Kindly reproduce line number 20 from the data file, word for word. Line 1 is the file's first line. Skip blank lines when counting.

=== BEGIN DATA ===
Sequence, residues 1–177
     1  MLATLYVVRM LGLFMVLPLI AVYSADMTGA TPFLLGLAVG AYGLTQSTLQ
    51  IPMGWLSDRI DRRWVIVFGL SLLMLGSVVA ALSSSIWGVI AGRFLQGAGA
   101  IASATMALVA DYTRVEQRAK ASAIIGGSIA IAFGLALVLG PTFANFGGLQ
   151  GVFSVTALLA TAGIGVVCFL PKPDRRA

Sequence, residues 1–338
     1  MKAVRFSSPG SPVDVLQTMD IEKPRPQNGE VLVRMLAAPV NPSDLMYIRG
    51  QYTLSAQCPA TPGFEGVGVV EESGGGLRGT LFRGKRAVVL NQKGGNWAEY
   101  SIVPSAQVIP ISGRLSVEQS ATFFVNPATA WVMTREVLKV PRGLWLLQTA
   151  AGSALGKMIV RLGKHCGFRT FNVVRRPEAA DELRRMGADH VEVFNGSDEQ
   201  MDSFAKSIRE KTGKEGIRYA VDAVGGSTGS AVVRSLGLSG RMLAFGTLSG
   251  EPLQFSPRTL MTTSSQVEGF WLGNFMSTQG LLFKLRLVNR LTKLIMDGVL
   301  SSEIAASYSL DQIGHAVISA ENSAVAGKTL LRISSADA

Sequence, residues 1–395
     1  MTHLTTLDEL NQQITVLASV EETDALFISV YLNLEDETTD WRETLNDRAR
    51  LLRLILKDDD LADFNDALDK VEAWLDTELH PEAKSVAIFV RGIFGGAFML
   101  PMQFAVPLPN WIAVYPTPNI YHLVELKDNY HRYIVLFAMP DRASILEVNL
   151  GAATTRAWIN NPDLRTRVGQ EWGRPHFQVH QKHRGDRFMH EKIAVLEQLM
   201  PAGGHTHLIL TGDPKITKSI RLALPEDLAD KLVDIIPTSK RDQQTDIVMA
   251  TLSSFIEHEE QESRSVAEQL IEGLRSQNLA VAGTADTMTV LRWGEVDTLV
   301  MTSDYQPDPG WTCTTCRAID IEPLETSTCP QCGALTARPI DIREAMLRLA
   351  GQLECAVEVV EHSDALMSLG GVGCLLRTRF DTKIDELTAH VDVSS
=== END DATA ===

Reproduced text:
   251  TLSSFIEHEE QESRSVAEQL IEGLRSQNLA VAGTADTMTV LRWGEVDTLV